The CRL will not cost $3 billion

The 2011 business case review confirmed a cost estimate of $2.4 billion; however note that this also includes other network upgrades such as double tracking the Onehunga Line and the cost of additional trains. More recent estimates expect the cost of land purchases, constructing the tunnel itself, the three new stations and track works to be under $2 billion.

Central Government is not funding $1.6 billion to expand the rail network in Auckland

We assume that the $1.6 billion figure quoted is comprised of:

  • $600 million for Project DART
  • $500 million for the electrification infrastructure
  • $500 million for the new electric trains

Project Dart has been completed now and included double tracking of the Western Line, station upgrades including Newmarket Station and New Lynn Station, reinstating the Onehunga line and the new Manukau spur line. This was funded from the 2006 budget which precedes National forming a Government.

Funding for electrification infrastructure was initiated in the 2007 budget, with an appropriation for both Wellington and Auckland track upgrades. When National came to power, the regional fuel tax funding mechanism was stopped and the electrification project was put on hold. Eventually this went ahead and was paid for, as I understand it, from nationwide fuel taxes.

Auckland’s new electric trains are being funded by way of a loan which is repayable by Auckland at commercial rates of interest. It is noted that National contributed a crown grant of $90m to procure more electric trains than originally specified. NZTA are also contributing to the loan repayments in the same way they provide money for PT operating costs.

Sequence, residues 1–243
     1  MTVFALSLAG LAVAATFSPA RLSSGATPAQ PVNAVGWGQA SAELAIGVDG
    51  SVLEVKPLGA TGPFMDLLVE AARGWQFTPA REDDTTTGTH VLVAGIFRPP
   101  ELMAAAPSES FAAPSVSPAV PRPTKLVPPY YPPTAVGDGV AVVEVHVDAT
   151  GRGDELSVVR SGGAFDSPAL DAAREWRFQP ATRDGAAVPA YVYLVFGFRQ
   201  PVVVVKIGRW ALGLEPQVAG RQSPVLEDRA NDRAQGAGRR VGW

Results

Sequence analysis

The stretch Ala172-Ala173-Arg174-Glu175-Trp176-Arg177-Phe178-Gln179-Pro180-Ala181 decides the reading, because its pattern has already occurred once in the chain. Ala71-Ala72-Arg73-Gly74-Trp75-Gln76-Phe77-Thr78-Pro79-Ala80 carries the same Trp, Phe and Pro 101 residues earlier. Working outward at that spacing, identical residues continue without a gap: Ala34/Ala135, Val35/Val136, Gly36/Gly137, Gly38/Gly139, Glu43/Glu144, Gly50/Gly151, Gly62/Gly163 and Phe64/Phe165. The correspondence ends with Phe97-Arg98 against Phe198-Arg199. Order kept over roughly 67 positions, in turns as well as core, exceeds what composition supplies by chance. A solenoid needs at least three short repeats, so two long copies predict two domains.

At the same time, Auckland Transport track access fees to KiwiRail were increased to in excess of $20 million annually.

In summary, the claim that the Government is funding $1.6 billion to expand the rail network is patently an exaggerated and misleading claim. The current budget includes little in the way of future funding for Auckland’s rail network.

Central Government is not spending $790m in the next three years on public transport in Auckland

Prompted by an earlier claim in the media from your office that $890m has been budgeted for public transport in Auckland over three years, I wrote to your office seeking clarification on where this figure came from. As you will be aware, you directed my enquiry to the NZTA, who responded with the following:

For clarification, the $890 million is the combined committed expenditure from the National Land Transport Fund (administered by the NZTA) and funding from Auckland Council for Auckland public transport services and infrastructure, between 1 July 2012 and 30 June 2015. The NZTA’s share of the $890 million is $488 million. This is made up of $449 million for public transport services and $39 million for public transport infrastructure.

Almost half of the quoted figure comes from Auckland Council ratepayers, not from central Government. Without diminishing the fact that $488m over three years is a substantial commitment from the NLTF, it is misleading to be implying $790 or $890 million is being spent by central Government, when clearly it is not.

In summary, I hope you have found this information helpful in understanding more about the City Rail Link, and that we now have a common understanding of the project objectives and costs.

You will be aware that we have previously sought to meet with you, and again we would welcome a meeting with you to discuss Auckland transport issues in more detail in the near future. Please advise if this is possible.

Electrification Running Late

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The Herald on Sunday has run a story in its print edition, based on this post on TransportBlog   As Matt points out, it’s obviously quite clear that the project won’t be completed this year and first quarter 2014 could mean the wires aren’t finished till almost April, up to 7 months late.